ICAI’s Guidelines for Auditors on Mid-term Resignation

ICAI has issued guidelines for auditors withdrawing from the audit work through mid-term resignation, which includes auditor’s responsibilities and professional obligations to be complied with, specially in the case of listed companies.

ICAI’s Implementation Guide on Resignation/ Withdrawal from an Engagement to Perform Audit of Financial Statements

In 2018, there have been number of mid-term resignations by auditors particularly auditors of listed companies. The matter being a concern for various stakeholders, ICAI decided to examine the reasons and circumstances leading to resignation of auditors and a Group was constituted, which considered the matter and a need was felt to create further awareness among the members about the circumstances and responsibility of auditors under the framework of Standards on Auditing in such circumstances through issuing appropriate guidance.

The task of developing guidance for the members was entrusted to the Auditing and Assurance Standards Board (AASB) of ICAI, which has come out with this “Implementation Guide on Resignation/Withdrawal from an Engagement to Perform Audit of Financial Statements”. The Implementation Guide deals with various aspects of auditors’ resignation in simple and easy to understand language.

This Implementation Guide provides guidance about circumstances leading to withdrawal/ resignation from an existing engagement, auditor’s responsibilities and professional obligations to be complied with by an auditor in resigning or withdrawing from an engagement to audit financial statements.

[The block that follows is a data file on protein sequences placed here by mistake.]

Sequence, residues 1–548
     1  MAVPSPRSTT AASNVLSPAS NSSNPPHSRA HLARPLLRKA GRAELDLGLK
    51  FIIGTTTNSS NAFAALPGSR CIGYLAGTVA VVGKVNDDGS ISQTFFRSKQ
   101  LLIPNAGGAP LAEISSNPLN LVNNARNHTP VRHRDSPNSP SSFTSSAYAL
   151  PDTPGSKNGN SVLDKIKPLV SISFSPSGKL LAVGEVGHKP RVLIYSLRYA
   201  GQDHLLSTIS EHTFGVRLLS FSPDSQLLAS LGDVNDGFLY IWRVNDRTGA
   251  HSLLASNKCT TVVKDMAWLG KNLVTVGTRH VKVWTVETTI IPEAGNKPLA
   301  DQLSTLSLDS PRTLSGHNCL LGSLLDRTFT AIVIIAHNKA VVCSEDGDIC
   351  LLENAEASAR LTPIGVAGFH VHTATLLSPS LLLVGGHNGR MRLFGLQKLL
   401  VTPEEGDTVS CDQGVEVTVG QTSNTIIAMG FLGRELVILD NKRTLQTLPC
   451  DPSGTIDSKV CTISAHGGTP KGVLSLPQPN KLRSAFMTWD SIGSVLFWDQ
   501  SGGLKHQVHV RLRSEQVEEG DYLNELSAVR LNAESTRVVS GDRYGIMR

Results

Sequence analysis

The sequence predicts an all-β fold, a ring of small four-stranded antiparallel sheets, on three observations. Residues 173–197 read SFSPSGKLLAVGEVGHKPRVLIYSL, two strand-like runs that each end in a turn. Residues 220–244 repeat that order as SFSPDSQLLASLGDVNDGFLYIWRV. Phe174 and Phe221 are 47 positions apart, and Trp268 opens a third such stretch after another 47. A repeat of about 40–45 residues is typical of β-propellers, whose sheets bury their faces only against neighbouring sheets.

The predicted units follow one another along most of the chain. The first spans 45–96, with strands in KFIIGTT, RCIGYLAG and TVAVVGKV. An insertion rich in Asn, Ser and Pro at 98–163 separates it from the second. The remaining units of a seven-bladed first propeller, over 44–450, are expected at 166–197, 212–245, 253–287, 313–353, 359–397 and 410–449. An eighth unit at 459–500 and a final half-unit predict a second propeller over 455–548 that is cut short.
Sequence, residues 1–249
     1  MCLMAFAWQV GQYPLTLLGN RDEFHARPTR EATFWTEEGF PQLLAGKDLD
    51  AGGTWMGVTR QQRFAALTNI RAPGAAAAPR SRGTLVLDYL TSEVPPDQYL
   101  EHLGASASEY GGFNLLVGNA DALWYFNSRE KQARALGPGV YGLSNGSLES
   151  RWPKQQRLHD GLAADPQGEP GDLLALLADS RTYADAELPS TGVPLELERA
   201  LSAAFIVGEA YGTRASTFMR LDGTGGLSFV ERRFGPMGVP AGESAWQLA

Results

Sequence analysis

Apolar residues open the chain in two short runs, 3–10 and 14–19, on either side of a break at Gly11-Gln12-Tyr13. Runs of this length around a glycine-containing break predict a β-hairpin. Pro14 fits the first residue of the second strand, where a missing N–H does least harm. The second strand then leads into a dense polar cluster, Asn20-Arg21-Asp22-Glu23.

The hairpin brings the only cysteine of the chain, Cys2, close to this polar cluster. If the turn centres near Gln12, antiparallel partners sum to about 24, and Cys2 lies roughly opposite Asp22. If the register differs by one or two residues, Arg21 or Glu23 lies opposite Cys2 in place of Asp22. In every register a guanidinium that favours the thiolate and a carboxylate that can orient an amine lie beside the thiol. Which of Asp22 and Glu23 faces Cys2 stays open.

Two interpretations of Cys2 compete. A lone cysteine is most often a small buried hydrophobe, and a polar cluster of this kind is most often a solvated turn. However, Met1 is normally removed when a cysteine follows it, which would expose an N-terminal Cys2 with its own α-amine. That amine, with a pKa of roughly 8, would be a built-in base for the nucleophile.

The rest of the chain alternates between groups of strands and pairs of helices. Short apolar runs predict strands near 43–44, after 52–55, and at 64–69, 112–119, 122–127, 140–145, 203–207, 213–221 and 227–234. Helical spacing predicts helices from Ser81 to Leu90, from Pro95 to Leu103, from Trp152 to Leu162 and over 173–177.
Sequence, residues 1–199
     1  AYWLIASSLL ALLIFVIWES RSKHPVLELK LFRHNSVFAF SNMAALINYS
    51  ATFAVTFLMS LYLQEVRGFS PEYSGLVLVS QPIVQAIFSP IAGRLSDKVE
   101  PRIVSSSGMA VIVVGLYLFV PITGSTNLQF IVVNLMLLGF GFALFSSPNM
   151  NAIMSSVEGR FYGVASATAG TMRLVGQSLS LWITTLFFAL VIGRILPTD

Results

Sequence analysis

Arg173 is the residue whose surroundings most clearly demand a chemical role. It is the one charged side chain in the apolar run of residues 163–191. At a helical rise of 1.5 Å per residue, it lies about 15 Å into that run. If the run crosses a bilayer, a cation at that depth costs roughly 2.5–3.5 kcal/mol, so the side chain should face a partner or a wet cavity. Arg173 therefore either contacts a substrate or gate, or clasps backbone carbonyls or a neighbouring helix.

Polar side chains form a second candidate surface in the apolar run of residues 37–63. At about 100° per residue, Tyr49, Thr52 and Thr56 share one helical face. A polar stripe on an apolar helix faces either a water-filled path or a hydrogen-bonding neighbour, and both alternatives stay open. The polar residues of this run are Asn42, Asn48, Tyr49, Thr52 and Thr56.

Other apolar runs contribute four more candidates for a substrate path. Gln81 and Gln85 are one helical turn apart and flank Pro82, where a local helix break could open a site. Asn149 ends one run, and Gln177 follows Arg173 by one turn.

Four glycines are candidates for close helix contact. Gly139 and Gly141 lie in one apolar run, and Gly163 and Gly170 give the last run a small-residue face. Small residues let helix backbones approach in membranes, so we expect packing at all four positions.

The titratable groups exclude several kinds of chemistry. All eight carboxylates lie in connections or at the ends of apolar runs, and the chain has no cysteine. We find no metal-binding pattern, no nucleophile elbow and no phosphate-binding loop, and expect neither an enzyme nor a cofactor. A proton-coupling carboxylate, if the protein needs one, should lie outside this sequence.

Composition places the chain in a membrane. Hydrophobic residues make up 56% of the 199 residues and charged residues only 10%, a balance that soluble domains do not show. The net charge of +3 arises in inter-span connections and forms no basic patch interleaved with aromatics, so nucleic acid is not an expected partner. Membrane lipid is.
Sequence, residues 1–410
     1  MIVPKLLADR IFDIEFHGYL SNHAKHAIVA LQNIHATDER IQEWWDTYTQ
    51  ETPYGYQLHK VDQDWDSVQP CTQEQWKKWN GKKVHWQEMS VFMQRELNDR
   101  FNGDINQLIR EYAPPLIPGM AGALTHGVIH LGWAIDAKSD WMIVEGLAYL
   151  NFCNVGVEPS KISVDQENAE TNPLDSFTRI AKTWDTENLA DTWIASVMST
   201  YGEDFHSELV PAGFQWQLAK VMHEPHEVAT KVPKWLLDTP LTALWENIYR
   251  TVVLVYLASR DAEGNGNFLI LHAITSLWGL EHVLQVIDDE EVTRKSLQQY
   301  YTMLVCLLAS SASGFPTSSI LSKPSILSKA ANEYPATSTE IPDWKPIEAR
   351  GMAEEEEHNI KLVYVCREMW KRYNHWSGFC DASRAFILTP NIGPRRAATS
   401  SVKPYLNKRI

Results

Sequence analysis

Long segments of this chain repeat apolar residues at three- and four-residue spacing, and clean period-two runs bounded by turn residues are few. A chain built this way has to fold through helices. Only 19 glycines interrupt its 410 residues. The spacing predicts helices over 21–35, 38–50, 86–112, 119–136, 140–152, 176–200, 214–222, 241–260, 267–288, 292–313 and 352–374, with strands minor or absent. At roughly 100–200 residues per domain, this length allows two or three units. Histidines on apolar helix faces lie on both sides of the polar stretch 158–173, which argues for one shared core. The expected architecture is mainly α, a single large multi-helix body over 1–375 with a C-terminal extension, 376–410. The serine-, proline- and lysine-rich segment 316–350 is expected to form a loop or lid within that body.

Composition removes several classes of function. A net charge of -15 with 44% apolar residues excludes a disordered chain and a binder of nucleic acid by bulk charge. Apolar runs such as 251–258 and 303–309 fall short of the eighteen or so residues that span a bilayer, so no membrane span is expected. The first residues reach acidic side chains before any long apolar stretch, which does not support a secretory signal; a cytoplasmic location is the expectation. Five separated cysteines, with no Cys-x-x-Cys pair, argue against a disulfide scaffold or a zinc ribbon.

Because of the variety of the circumstances that may arise, it is not possible to describe definitively when withdrawal from an engagement is appropriate. The SAs envisage certain situations which require the auditor to consider withdrawal from the engagement to audit financial statements.

A firm is also required to comply with the requirements of SQC 1 in performing audits, reviews of historical financial information and for other assurance and related services engagements. An auditor can resign from the statutory audit of a company while evaluating the engagement and/or client acceptance as envisaged in SQC 1.

The Code of Ethics also requires an auditor to consider resigning from an engagement when it is concluded that a requirement established by the Code of Ethics cannot be met and the resignation is the only available alternative.

It is expected that an auditor may withdraw/ resign from the engagement in circumstances that are covered by the professional pronouncements referred to in paragraph 8 to 10 above. A list of those circumstances is given as Appendix to this Implementation Guide.

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One Response

  1. N. Krishnaswamy

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